I did enjoy getting to know Pextra and discovering what she liked. As a senior, she did very well in adjusting to a completely new environment. I even discovered something about her that my friend did not know—Pextra loved to have her butt and thighs gently massaged. This made her so happy that she would do head stands and spin turns, finally flopping on her back so that I could also tickle her tummy, which sent her into further joyful wriggles, which made me laugh.

For a few days we all did our best to live in the moment. My cats were gracious in acknowledging that we were doing a good thing, but when Night Sky saw her leaving to go back home, he came out from hiding and stood in the window to watch. He did not hurl taunts her way, but I could feel him relax, and Manitou did the same. And while I definitely enjoyed getting to know Pextra, and supporting my friend in a dark moment, I also felt myself relax from a state of heightened vigilance.

As a “thank you” to the tolerance my cats exhibited for a small canine whirlwind, I built an early fire in the fireplace. As the three of us sat together, basking in the warmth and cheer of the dancing flames, it felt as though we had greater depth as a family. Together we had faced a challenge and emerged stronger.

And as I reflect on what I am thankful for as Thanksgiving approaches in a crazy year that has been filled with challenges great and small, I am very grateful to Pextra for shaking up the routines of our household and reminding me of the many moments of happiness that I sometimes take for granted.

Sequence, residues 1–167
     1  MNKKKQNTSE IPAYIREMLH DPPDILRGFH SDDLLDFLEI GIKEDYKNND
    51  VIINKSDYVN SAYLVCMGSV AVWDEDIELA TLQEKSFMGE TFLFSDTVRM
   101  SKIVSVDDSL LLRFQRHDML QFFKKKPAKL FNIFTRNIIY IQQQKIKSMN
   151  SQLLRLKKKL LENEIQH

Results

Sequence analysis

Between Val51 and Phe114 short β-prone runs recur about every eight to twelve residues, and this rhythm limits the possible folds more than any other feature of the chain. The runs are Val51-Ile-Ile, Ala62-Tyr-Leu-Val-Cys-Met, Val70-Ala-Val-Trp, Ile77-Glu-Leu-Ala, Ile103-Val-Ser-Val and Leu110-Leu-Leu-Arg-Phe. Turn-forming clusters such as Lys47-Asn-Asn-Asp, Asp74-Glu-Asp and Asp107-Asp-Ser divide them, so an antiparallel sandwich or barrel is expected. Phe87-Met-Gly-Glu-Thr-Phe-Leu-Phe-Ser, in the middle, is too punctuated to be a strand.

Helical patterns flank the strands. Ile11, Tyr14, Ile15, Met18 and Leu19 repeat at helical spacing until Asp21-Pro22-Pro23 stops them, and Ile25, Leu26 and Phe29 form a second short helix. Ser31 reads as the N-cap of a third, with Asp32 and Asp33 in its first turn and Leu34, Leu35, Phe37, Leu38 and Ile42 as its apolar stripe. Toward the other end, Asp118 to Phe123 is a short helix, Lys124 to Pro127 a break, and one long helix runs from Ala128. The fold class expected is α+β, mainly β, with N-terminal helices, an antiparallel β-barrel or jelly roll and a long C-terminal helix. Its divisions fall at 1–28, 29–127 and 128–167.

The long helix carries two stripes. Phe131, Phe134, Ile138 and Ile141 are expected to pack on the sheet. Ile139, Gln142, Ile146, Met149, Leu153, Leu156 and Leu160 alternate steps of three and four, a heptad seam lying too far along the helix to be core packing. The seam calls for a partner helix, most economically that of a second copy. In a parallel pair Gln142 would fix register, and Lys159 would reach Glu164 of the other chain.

Thi s year, as I say a prayer of thanks for my wonderful friends and family (human and animal), and for my students, clients and readers, I will be including thanks for Pextra, and All My Relations, wild and domestic.

If you would like to join me, the prayer in Thanksgiving with the Animals is one that that can be said every day—not just on one special day. It offers gratitude for all our Relatives with whom we share this world: Stone People, Plant/Tree People, Animals, Earth, Water, Winds, etc.

And the Animal Ambassadors and I also hope you will join us for upcoming class Listening to Zoo Animal Ambassadors which is starting soon.

Happy Thanksgiving!
Rose De Dan, Manitou and Night Sky
Wild Reiki and Shamanic Healing

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Learn how to connect more deeply with animals, restore balance to your life, increase intuitive skills, and help heal the Earth with live Reiki and shamanic teleclasses, available worldwide.

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A WILD WAY TO HEAL
Rose De Dan, Wild Reiki and Shamanic Healing LLC, is an animal communicator, Reiki Master Teacher, shamanic energy healer, and author. Her classes, sessions and ceremonial work are inspired by wild and domestic animals who have issued a call to action for personal and global healing.